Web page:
Let’s imagine for this discussion that there are three activities. There’s W, the work we don’t want to do. Like say writing your RPG. There’s P, the procrastinating activity. Maybe it’s surfing the internet. Then there’s F, the fun activity, like maybe playing Civilization 5. To pick entirely random examples that certainly don’t reflect my life at all. Now, a lot of the time, people don’t have P and F as separate activities. Sometimes they are the same activity done in different ways or experienced in different ways – for example, when you can’t really enjoy yourself when you go out for a drink because in the back of your mind you feel you should be studying. Or you don’t get really into playing X-box because you’re just looking for a low-level distraction to keep your mind busy. This still might not be you, but go with me here.

Generally, our thinking about procrastination is this: I keep doing distracting thing P because I don’t want to do hard, painful, difficult thing W.

This is false.

Most of the time, what is stopping us from doing W has little to do with W at all. Don’t get me wrong, the anxiety curve is a big deal, especially with big, hard to grasp projects (go read up about the curve, it is also part of this subject). But what keeps us doing P is less about fear of W and more about our shame and guilt at doing P. And the more P we do, the worse we feel, and the worse we feel, the less we are able to act.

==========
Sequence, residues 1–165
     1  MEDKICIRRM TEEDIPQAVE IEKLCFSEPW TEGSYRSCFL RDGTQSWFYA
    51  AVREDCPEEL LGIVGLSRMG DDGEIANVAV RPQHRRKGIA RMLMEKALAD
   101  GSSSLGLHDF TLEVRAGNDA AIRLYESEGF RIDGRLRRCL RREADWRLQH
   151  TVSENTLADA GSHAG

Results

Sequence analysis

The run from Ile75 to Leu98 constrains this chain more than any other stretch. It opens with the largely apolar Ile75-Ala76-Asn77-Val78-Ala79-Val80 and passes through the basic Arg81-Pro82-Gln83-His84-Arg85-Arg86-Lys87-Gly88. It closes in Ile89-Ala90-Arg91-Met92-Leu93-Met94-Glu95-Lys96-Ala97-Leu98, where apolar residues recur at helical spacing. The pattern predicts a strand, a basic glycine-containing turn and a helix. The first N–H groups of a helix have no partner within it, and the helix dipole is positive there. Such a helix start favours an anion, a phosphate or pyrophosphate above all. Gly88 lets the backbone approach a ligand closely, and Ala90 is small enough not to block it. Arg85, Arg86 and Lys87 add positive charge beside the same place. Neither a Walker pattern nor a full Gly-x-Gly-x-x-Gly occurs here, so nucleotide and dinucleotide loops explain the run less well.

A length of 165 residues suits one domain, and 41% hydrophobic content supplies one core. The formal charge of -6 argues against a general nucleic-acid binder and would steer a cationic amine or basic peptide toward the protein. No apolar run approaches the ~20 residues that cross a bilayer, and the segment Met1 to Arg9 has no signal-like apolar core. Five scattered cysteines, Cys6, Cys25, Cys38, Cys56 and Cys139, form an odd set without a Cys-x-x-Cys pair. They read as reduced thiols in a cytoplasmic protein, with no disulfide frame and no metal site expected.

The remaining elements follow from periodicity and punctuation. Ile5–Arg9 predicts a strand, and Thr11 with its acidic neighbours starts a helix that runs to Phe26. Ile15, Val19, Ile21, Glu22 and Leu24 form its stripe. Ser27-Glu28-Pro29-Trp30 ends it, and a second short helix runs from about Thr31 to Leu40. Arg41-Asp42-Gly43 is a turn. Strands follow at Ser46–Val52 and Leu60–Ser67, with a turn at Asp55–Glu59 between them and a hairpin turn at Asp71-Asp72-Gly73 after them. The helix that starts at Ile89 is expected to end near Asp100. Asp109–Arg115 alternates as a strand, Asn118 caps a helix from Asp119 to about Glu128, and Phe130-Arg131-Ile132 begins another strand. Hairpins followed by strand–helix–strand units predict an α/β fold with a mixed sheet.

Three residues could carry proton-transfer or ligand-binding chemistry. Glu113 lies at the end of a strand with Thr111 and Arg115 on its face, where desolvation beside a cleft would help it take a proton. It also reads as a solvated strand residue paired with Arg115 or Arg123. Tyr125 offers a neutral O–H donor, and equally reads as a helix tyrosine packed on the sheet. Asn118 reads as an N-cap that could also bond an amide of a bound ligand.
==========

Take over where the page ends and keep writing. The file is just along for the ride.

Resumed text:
This is pretty obvious when you think about it.  When our body is injured, it stops doing things. It wants to fall over and lie still because then it can concentrate on getting better. Likewise, when we feel upset, we don’t want to go out and do things, we want to crawl into a foetal ball, hide in our room and eat candy. Our mind is just like our body: when it feels hurt, it devotes all its resources to healing itself, and devotes no resources to going out and doing things.

So the more you do the P activity, the more your brain feels attacked by feelings of guilt and shame, and thus the weaker you become. Your body now has no strength to do W, or to do F, or to do P even. You become less and less engaged with F and P, so the bad feelings work stronger and do more damage, so you become weaker and weaker. We wait for motivation to strike, but it now has an enormous uphill battle, because unhappy people are difficult to motivate. Sometimes impossible.